On This Day In History: 13th September 2001
By Divyan Mehta
In WWE, Smackdown is one of the two flagship WWE weekly shows alongside Monday Night Raw. It has been used as a way to develop storylines and introduce new talent to the WWE audience. However, on the 13th of September 2001, WWE broke away from that format after the tragedy that befell America two days earlier.
On the 11th of September 2001, there was a horrific terrorist attack, which saw two planes hijacked and crashed into the twin towers. This shocking and nasty attack resulted in a large number of deaths. Until July of 2016, Smackdown had always been taped on Tuesday and broadcasted every Thursday night.
With America and the world mourning, there was a concern within WWE if it was ethical for Smackdown to be broadcasted on the Thursday of that week.
However, Vince McMahon was adamant that Smackdown would air live on the 13th of September 2001, as a tribute show to those who lost their lives in the attack. The characters and storylines were abandoned for one night as talent and officials gave their condolences to those who were affected by this tragedy.
At the beginning of the show, the entire WWE locker room was filed on stage with Lillian Garcia passionately singing the national anthem through tears. Vince McMahon came out and spoke about his pride in being an American. He also spoke about how the attack will not stop the American citizens from living their lives the way they see fit.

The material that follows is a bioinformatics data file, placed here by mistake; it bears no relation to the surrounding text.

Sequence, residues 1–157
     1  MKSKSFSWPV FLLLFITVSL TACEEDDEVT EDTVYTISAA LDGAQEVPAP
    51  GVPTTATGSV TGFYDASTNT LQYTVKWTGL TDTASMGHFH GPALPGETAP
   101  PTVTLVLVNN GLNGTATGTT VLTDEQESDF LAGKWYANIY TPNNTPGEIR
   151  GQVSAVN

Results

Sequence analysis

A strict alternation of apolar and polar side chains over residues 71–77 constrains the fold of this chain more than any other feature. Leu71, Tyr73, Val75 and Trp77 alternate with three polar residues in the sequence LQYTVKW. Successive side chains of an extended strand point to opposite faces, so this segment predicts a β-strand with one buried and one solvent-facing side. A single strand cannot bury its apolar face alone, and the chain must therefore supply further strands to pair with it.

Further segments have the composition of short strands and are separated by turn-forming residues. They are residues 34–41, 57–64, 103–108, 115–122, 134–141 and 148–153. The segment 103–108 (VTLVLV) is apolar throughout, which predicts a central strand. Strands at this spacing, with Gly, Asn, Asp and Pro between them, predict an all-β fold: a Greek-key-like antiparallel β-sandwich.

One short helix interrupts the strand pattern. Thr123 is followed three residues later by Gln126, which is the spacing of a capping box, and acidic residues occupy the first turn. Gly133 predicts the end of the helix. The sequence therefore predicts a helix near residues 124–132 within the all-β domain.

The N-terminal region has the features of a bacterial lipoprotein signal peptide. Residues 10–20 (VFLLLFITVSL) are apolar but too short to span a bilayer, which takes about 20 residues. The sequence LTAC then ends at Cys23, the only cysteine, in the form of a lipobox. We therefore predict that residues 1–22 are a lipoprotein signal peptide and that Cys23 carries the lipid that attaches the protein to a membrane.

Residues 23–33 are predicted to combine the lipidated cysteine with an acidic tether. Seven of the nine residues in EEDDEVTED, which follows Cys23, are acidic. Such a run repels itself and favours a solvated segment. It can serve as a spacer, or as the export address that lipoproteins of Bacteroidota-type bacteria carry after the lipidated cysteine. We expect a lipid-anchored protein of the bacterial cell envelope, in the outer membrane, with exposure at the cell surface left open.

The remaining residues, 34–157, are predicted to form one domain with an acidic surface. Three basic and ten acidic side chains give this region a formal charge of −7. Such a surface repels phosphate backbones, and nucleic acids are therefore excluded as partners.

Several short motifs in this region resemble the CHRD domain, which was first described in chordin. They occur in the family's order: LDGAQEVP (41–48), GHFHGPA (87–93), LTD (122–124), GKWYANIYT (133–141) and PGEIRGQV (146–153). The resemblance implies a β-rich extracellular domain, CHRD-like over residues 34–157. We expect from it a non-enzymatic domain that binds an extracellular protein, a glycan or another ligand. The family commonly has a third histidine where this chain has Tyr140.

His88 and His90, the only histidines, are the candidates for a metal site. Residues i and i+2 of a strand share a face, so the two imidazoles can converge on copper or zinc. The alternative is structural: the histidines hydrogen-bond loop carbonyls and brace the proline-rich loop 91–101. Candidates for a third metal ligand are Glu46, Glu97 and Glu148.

After sixteen years, with Smackdown exceeding nine hundred episodes and still as strong as ever, that episode is still looked upon with great fondness. It’s somewhat ironic that WWE was hesitant about broadcasting the show but now when fans think of Smackdown’s history that is the one episode, which usually comes to mind. Additionally, it speaks volumes to how patriotic the WWE was and continues to be. That patriotism is still prevalent today, as each year WWE pays tribute to the American troops every year over the Christmas holidays.
Vince McMahon gives an impassioned speech on the live post-9/11 edition of SmackDown on September 13, 2001.